Io, Earth’s Moon and Europa have the highest densities (3000-3500 kg/m2). Ganymede,
Titan and Callisto, the largest moons, have low densities (1600-1900 kg/m2). Triton
and Pluto have low densities and medium sized diameters. Titania, Oberon, Iapetus,
Rhea, Tethys, Ariel, Miranda, Umbriel and Charon have both low densities and small
diameters. Moons such as Miranda and Umbriel are among those that have had the closest
orbit with the Sun and yet maintained their integrity of shape; albeit they are heavily
scarred. All the other moons of the solar system which are less than 900 km in diameter
are irregular in shape and should be classed as captured asteroids. They are fragments
of a previous planet which has disintegrated. Among them, perhaps Hyperion has suffered
the greatest damage by the effects of cavitation.
There is a likelihood that some of these previous planets collided with existing
planets after their ejection from their orbit with the Sun.
Our Moon was possibly one such previous planet which collided with Earth and was
caught on the re-bound. If the impact, rather ran a fly-by, had occurred - then we
1) A large impact crater
2) An anomaly in the rotation (day-length) of Earth due to the transfer of momentum.
3) A massive extinction event due to catastrophic changes in the environment.
4) Large scale magma flooding
Are there any massive impact craters on Earth?
I scoured Google Earth for a site where the Moon or other previous planets could
have impacted with Earth.
There are two areas in the Asian continent which could have been caused by large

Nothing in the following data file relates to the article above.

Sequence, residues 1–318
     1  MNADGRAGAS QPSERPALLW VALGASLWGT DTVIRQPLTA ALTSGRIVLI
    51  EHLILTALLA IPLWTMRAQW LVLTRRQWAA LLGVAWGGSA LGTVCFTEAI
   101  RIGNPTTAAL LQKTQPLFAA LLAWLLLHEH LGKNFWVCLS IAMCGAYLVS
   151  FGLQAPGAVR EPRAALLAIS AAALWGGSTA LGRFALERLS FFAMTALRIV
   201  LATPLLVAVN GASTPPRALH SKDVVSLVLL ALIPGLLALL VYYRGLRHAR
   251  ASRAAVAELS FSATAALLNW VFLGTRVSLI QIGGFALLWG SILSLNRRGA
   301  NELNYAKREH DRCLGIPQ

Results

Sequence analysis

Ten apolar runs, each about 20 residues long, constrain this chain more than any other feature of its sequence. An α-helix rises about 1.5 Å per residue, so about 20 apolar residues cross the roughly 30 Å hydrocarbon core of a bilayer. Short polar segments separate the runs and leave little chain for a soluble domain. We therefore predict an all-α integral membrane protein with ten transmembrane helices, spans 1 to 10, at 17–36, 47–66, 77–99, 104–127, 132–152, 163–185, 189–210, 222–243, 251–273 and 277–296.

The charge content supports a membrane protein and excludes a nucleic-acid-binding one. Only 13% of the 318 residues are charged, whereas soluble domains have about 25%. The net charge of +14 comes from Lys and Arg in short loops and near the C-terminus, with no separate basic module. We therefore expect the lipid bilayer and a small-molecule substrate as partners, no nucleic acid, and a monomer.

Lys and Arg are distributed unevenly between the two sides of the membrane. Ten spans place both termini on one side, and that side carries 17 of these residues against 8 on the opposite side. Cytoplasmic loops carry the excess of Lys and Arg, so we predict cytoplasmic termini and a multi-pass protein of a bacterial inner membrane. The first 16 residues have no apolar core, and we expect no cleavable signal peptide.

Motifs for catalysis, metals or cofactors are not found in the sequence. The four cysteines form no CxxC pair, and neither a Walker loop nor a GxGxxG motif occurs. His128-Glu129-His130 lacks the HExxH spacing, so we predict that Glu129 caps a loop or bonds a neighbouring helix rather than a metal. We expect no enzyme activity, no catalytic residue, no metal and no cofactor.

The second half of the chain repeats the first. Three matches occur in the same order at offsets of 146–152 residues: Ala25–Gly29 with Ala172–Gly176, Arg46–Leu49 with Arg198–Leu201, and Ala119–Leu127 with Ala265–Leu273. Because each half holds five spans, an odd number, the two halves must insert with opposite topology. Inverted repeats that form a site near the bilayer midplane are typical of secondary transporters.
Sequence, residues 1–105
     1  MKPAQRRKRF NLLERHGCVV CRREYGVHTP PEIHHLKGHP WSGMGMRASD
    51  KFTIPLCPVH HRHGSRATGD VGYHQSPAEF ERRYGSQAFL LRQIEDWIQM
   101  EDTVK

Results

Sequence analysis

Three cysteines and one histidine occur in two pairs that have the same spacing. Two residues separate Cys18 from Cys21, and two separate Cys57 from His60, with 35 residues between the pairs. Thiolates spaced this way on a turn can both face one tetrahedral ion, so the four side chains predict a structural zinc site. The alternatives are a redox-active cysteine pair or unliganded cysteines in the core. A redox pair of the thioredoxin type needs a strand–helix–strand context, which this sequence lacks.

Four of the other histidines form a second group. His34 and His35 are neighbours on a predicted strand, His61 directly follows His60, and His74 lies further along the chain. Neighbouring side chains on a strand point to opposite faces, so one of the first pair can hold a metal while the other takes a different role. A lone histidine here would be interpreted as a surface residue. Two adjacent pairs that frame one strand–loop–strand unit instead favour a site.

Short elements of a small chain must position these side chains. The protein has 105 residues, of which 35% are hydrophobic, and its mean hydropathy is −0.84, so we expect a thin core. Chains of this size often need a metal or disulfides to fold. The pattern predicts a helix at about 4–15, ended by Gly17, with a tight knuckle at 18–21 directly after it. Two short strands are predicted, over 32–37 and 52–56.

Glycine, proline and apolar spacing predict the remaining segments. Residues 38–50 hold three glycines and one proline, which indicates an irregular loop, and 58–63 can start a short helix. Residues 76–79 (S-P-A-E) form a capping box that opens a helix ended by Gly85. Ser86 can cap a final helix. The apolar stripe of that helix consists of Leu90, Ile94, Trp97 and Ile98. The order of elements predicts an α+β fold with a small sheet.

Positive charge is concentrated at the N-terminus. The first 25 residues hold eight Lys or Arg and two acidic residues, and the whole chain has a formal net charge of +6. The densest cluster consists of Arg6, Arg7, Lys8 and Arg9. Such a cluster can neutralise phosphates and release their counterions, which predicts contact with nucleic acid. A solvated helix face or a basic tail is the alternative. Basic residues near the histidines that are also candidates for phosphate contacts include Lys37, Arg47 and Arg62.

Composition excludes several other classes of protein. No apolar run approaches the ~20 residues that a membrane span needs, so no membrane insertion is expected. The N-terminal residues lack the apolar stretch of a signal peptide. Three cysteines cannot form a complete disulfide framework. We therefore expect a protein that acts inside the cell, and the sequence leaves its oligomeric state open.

One is a mega basin which covers most of the area of Kazakhstan, a possible crater
of 690 km diameter.
The other is the Tibetan Plateau area, just north of India, with a crater rim of
1300 km diameter. This structure has been considerably modified by the sub-duction
of the Tethyan ocean bed which originally existed north of India and the lifting
and tilting of the Himalayas.
Above image - The Kazakhstan impact area
Above image - The Tibetan Plateau impact area
There is a significant difference (42.6 million km) in Mars’ aphelion and perihelion,
the maximum and minimum distances from the Sun during it’s orbit around it. This
causes seasonal variations in temperature of around 14 degrees C. If Earth was in
Mars’ orbital position some 330 million years ago then we can envisage the temperatures
at the equator (where most life was concentrated) may have varied from 25 down to
10 degrees C. depending upon time of the year.
Mars takes 687 of our ‘days’ to orbit the Sun and so a Martian year is nearly twice
as long (x 1.88) as Earth’s. These are parameters we need to bear in mind when looking
for signs of seasonal periodicity in Carboniferous fossils (eg growth rings in bivalves).